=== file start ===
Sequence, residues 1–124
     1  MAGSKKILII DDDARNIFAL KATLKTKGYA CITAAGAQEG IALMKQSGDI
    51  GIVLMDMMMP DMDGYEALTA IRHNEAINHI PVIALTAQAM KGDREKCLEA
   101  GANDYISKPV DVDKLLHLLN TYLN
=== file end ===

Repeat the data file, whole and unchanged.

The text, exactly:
Sequence, residues 1–124
     1  MAGSKKILII DDDARNIFAL KATLKTKGYA CITAAGAQEG IALMKQSGDI
    51  GIVLMDMMMP DMDGYEALTA IRHNEAINHI PVIALTAQAM KGDREKCLEA
   101  GANDYISKPV DVDKLLHLLN TYLN